We use the theory to analyze the security of everything in our system except the channels based on encryption and the hardware and local operating system on each node; we assume these are trusted. Of course we made many design choices for reasons of performance or scaling that are outside the scope of the theory; its job is to help us work out the implications for security.

    We motivate our design throughout the paper with a practical example of a request that has a complex source involving several different system compo- nents. Figure 2 shows the example, in which a user logs in to a workstation and runs a protected subsystem that makes a request to an object imple- mented by a server on a different machine. The server must decide whether to grant the request. We can distinguish the user, two machines, two operating systems, two subsystems, and two channels, one between the user and the workstation and one between the workstation and the server machine. We shall see how to take account of all these components in granting access.

    The next section introduces the major concepts that underlie this work and gives a number of informal examples. In Section 3 we explain the theory that is the basis of our system. Each of the later sections takes up one of the prob- lems of distributed system security, presenting a general approach to the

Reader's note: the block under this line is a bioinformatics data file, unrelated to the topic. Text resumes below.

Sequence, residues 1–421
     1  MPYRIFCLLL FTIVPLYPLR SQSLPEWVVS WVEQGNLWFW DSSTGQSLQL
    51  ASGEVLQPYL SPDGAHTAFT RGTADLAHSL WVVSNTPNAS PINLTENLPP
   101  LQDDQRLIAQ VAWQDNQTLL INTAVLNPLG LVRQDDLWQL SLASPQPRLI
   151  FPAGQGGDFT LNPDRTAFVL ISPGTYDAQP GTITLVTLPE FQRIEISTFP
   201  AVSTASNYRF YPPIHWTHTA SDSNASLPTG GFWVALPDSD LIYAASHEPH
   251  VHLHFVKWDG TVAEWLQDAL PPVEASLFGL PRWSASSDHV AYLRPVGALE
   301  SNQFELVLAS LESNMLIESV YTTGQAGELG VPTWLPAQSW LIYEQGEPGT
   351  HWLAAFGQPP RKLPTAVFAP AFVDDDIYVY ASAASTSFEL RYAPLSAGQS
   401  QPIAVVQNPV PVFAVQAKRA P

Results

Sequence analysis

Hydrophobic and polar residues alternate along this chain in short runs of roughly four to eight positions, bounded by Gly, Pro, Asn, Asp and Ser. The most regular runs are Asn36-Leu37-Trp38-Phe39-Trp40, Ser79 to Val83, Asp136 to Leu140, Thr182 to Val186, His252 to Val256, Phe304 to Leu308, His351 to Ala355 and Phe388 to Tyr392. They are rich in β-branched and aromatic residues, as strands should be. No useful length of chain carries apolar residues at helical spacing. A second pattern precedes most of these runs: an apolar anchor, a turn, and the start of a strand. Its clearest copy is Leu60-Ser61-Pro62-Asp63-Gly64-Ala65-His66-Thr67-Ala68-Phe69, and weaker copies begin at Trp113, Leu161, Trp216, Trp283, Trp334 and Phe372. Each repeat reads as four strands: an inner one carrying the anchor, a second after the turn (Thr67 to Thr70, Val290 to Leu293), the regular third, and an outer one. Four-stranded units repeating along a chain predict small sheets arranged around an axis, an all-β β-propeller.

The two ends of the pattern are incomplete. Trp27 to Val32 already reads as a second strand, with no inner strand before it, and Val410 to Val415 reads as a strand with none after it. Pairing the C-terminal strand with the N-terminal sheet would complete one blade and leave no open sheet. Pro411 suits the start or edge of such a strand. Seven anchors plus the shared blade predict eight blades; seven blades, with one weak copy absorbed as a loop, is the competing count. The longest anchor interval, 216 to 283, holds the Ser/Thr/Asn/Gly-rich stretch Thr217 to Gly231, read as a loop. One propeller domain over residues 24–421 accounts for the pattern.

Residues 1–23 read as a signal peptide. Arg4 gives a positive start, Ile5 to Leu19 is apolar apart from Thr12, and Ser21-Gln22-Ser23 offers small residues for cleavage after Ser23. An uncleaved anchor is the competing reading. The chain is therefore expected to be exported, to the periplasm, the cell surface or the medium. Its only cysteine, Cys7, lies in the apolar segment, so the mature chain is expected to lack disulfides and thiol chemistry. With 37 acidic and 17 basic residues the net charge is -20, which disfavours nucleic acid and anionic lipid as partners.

• Lampson et al, Authentication in Distributed Systems 4

    problem, a theoretical analysis, a description of how our system solves the problem, and comments on the major alternatives known to us. Sections 4 and 5 describe two essential building blocks: secure channels and names for principals. Section 6 deals with roles and program loading, and Section 7 with delegation. Section 8 treats the mechanics of efficient secure interprocess communication, and Section 9 sketches how access control uses authentica- tion. A conclusion summarizes the new methods introduced in the paper, the new explanations of old methods, and the state of our implementation.


    Both the theory and the system get their power by abstracting from many special cases to a few basic concepts: principal, statement, and channel; trusted computing base; and caching. This section introduces these concepts informally and gives a number of examples to bring out the generality of the ideas. Later sections define the concepts precisely and treat them in detail.

    If s is a statement (request, assertion, etc.) authentication answers the question “Who said s?” with a principal. Thus principals make statements; this is what they are for. Likewise, if o is an object authorization answers the question “Who is trusted to access o?” with a principal. We describe some dif- ferent kinds of principals and then explain how they make statements.

    Principals are either simple or compound. The simple ones in turn are named principals or channels. The most basic named princ